Monthly Archives: August 2013

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We are most vulnerable to colds and influenza during the long winter, Many people suffer not only from the respiratory symptoms of cold and flu, but can also fall victim to various complications of these diseases, some of which can be serious. Children, the elderly, and people with chronic illness or compromised immune systems are especially prone to complications. Parents worry about their children bringing home infections from school. Right now, the best way Western medicine has of dealing with these diseases is the widespread use of flu shots, which encourage the immune system to “gear up” for the most prevalent type of flu. However, while flu shots can avert the most serious consequences of infection, they cannot prevent or cure the common cold.

The common cold is an acute viral infection that generally causes inflammation of the upper respiratory tract. It is the most common infectious disease in humans, and accounts for more time lost from work or school than any other disease. Flu is an acute and contagious infection of the respiratory tract. Its symptoms include running nose, cough, chills, headache, fever, and severe aching in the muscles and joints. Although flu affects all age groups, schoolchildren have the highest incidence. Although colds and flu are generally of brief duration, they can lead to complications in the very young, the elderly, and those with chronic diseases or compromised immune systems.

Because both cold and flu are viral infections, conventional medicine has no cure for them. Bed rest and increased fluid intake are generally suggested to make the patient more comfortable. Aspirin, nasal decongestants, and other medications such as steam inhalation, acetaminophen, ibuprofen, naproxen, amantadline, or rimantadine are prescribed.

A friend of mine traveled to China last winter. She told me that when she visited a college there, she saw every student in the cafeteria drinking a kind of herbal tea for the prevention of cold and flu before their lunch. She thought that was very interesting and asked me what they were drinking. I told her that every school in China, from grade school through college, offers herbs to the students during the flu season to prevent cold and flu. There are quite a few teas and herbal formulas available for prevention purposes.

In China, these anti-cold and flu formulas will be found in every family’s medicine cabinet. It would be almost impossible to find a person in China who has never taken one. Most of these effective and time-tested herbal formulas come from two important schools in traditional Chinese medicine: the school of cold-induced febrile diseases, represented by Zhang Zhongjing (150-219 AD), and the school of seasonal febrile diseases, represented by Wu Jutong (1758-1836).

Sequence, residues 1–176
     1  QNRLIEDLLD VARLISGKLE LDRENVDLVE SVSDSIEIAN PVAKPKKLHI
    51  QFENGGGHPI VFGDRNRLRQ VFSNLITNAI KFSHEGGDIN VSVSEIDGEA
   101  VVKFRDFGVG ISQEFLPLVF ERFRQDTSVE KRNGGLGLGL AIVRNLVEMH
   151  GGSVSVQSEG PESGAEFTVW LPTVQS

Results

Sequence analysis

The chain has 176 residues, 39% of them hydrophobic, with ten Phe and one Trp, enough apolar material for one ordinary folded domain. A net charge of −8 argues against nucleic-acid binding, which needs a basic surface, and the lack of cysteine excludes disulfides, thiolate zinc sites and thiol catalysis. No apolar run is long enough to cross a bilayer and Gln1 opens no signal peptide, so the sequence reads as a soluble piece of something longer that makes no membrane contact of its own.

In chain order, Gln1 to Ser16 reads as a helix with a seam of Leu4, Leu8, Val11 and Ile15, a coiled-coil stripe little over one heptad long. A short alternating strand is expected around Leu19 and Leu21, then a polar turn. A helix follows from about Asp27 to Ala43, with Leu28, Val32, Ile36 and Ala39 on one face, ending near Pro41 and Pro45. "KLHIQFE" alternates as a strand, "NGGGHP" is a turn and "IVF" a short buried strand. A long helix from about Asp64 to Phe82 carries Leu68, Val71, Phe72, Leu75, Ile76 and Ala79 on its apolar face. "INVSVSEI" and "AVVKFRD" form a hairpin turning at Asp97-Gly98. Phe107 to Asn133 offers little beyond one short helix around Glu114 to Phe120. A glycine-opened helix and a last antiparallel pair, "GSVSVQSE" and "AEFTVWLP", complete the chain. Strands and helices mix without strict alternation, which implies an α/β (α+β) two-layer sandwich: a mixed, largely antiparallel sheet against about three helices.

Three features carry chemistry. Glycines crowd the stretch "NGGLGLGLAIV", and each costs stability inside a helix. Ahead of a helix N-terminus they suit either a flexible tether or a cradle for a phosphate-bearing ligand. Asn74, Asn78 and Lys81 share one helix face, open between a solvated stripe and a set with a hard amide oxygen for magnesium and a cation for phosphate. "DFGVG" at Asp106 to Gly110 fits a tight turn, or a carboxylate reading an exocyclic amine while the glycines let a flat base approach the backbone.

Using herbal formulas to prevent and treat colds and flu is one of the best-developed and most successful aspects of traditional Chinese medicine. Specific treatment practices and formulas have been handed down unbroken from the earliest schools to the modern universities of China. In this country, more and more people are becoming aware of the existence and efficacy of the ancient cold and flu formulas. At our clinic, TCM Health Center, we see increased demand for this type of treatment, especially among school teachers, who are constantly being exposed to colds. Our clients say that their doctors have been surprised by the effectiveness of Cold & Flu Formula (Yin Qiao San), which is a common and popular formula in China.

Top Antiviral Herbs in Chinese Medicine

Woad Root (Ban Lan Gen) is one of the leading anti-viral herbs. In a study of over 11,000 people who were exposed to mumps, the infectious manifestation was forestalled by using a decoction of woad root. Woad root tea is the most popular herbal tea to prevent and treat flu in China.

Woad Leaf (Da Qing Ye) shares similar properties with woad root. In a study of 100 people, only 10% of the treatment group that took a woad leaf decoction twice daily had upper respiratory infections during the study period, while 24% of the control group had infections.

Forsythia Fruit (Lian Qiao) is a pointed, oval-shaped capsule with a hard shell. Because of its anti-viral, anti-bacterial, anti-inflammatory and immunity-enhancing properties, forsythia fruit is widely used to treat common cold, influenza, swelling and pain in the throat, and skin inflammation.

Honeysuckle Flower (Jin Yin Hua) is named “gold-and-silver flower” in Chinese. Research indicates that this flower bud can deactivate the PR8 strain of influenza virus. The study also indicates that honeysuckle works wonderfully to treat other infectious diseases, including pneumonia and viral conjunctivitis.